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A public service announcement (PSA) or public service ad, are messages in the public interest disseminated by the media without charge, with the objective of raising awareness, changing public attitudes and behavior towards a social issue. In the UK, they are generally called public information films (PIFs); in Hong Kong, they are known as announcements in the public interest (APIs).
The earliest public service announcements were made before and during the Second World War years in both the UK and the US.
In the UK, the actor Richard Massingham set up Public Relationship Films Ltd in 1938 as a specialist agency for producing short educational films for the public. In the films he typically played a bumbling character who was slightly stupider than average, and often explained the message of the film through demonstrating the risks if it was ignored. Films' topics included how to cross the road, how to prevent the spread of diseases, how to swim and how to drive without causing the road to be unsafe for other users. During the war he was commissioned by the Ministry of Information to produce films for the war effort. Massingham began to produce longer films, for both private companies and the Government, after the War.
In the US, the Ad Council (initially called the War Advertising Council) was set up in 1941, when America entered World War II. It began implementing on a massive scale the idea of using advertising to influence American society on a range of fronts. Their first campaigns focused on the country's needs during World War II, such as encouraging the American public to invest their savings in government bonds.
After the War, PSAs were used to educate the public on a broader range of important issues. In the UK, they were produced for the Central Office of Information, and again by private contractors, which were usually small film companies, such as Richard Taylor Cartoons. They were supplied to broadcasters free of charge for them to use whenever they wished. Their usefulness as a cost-free means to fill the gaps in fixed-duration commercial breaks left by unsold advertising airtime led to their being used regularly and extensively in the 60s, 70s and much of the 80s, and consequently, within both the COI and broadcasting companies they were typically known as "fillers". They are still being produced, although the vastly reduced need for broadcasters to turn to third-party filler material to deal with unused airtime during breaks or junctions means they are now only seen rarely.
The most common topics of PSAs are health and safety, such as the multimedia Emergency Preparedness & Safety Tips On Air and Online (talk radio/blog) campaign. A typical PSA is part of a public awareness campaign to inform or educate the public about an issue such as obesity or compulsive gambling. The range of possible topics has expanded over time.
From time to time a charitable organization enlists the support of a celebrity for a PSA; examples include actress Kathryn Erbe telling people to be green and Crips gang leader Stanley Williams speaking from prison to urge youth not to join gangs. Some PSAs tell people to adopt animals instead of buying them. Protecting our Earth, also known as being green, is another example of a current PSA topic.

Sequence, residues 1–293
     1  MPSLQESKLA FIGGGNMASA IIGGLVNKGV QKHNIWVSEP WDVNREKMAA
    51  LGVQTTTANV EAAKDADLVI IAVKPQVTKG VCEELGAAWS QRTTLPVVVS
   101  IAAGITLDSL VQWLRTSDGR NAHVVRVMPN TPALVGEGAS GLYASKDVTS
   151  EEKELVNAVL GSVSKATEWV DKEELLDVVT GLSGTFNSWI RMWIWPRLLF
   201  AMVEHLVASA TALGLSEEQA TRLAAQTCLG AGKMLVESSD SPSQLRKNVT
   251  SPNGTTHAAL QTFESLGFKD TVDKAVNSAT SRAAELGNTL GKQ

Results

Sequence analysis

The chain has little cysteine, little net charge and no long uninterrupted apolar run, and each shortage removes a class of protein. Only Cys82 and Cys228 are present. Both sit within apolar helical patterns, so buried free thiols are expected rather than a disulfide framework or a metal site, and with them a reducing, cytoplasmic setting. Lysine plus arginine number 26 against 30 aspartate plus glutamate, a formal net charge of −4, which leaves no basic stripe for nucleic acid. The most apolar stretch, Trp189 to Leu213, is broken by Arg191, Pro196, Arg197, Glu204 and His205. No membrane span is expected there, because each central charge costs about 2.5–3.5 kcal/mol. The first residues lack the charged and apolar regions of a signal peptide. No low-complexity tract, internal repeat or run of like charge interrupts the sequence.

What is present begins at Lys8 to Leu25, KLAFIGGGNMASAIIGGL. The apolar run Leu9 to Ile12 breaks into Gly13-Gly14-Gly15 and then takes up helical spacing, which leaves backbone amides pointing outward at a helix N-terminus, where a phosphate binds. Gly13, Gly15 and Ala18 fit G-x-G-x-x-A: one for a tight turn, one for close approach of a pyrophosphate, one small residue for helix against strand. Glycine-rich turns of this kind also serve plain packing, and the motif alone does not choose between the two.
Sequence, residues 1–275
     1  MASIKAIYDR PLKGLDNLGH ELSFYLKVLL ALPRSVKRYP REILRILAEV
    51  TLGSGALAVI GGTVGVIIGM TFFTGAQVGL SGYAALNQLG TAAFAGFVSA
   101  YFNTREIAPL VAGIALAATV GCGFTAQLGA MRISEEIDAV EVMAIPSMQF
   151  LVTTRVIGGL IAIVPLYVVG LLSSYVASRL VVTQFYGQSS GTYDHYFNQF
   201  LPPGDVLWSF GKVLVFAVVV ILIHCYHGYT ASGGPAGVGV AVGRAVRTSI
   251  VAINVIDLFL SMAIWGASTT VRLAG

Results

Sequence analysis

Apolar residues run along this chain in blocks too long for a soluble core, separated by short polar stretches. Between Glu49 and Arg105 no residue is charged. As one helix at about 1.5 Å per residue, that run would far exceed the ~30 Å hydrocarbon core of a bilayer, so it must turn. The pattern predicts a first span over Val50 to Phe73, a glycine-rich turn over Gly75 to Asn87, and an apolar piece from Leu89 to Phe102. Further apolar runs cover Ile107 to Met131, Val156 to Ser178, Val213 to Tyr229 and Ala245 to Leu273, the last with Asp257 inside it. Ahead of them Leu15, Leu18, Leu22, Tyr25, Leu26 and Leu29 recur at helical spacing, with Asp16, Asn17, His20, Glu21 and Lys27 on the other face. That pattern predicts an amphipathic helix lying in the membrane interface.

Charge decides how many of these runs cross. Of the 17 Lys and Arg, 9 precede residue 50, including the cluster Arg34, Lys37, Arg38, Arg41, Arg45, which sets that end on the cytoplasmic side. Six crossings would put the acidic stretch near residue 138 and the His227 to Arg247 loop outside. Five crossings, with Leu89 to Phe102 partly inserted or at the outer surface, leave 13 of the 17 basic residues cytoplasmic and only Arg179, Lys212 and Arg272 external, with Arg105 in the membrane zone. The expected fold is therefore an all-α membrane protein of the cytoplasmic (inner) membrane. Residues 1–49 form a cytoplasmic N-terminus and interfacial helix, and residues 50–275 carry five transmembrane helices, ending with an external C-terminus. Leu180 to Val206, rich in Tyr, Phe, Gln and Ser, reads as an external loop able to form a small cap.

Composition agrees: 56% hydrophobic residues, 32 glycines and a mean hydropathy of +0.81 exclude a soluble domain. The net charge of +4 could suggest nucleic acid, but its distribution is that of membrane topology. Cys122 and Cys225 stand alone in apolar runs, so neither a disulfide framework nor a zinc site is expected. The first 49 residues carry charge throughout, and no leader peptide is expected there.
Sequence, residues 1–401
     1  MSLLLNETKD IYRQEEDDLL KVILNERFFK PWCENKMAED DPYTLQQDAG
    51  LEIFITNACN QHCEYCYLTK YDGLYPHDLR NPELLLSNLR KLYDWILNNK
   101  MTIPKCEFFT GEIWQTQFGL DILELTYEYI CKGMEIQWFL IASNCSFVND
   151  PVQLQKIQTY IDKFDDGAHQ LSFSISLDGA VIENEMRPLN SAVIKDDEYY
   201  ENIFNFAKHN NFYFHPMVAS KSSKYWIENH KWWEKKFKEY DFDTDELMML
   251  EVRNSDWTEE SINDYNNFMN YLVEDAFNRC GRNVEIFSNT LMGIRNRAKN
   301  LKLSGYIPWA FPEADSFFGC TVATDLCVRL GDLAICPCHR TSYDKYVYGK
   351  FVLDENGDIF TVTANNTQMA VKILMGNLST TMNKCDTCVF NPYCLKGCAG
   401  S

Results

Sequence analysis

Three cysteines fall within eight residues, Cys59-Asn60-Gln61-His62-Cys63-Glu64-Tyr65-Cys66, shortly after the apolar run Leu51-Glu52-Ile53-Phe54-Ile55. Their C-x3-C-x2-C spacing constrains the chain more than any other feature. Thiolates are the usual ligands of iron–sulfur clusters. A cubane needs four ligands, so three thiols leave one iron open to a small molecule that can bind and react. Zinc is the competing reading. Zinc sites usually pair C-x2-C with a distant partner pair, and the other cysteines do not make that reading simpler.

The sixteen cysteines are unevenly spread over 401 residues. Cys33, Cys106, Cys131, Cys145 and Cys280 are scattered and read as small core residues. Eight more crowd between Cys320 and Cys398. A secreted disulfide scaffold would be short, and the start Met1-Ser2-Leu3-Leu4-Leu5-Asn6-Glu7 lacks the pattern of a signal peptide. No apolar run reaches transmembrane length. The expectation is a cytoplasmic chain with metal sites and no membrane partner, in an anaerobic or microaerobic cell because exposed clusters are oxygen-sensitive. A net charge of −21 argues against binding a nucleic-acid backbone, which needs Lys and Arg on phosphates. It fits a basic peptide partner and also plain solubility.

Some television shows featuring very special episodes made PSAs after the episodes. For example, Law & Order: Special Victims Unit talked about child abduction in one episode, so it had a PSA about child abduction. Another example is when the original Law & Order did an episode about drunk driving, which had a PSA about drunk driving.
During the 1980s, a large number of American cartoon shows contained PSA's at the end of their shows. These may or may not have been relevant to the episode itself. Three of the most widely known are the closing moral segments at the end of He-Man and the Masters of the Universe, the "Knowing is Half the Battle" epilogues in G.I. Joe: A Real American Hero and the "Sonic Sez" segments from Adventures of Sonic the Hedgehog.
Some television PSAs have topics such as on not watching so much television, or not taking fictional shows literally; or about television, movie, or video game ratings. Public service advertising has become a significant force in changing public attitudes on topics such as drinking and driving, crime abatement and various health/safety issues. While stations have never been mandated by the FCC to use a prescribed number of PSAs, they are required to prove they broadcast in the public interest and PSAs are one of the ways they meet that requirement as part of serving as a "public trustee." Many television affiliates and cable networks employ PSA directors who review all the PSAs provided by nonprofit organizations and choose which ones to schedule.
Public Information Films produced by the Britain's COI covered a wide range of subjects, most related to safety, but also on other subjects, including animal cruelty, environment, crime prevention and voting.
China's first PSAs in 1978 was about saving water and was broadcast on Guiyang television. In Hong Kong, terrestrial television networks have been required since National Day, 2004, to preface their main evening news broadcasts with a minute-long announcement in the public interest which plays the Chinese National Anthem in Mandarin over various patriotic montages.
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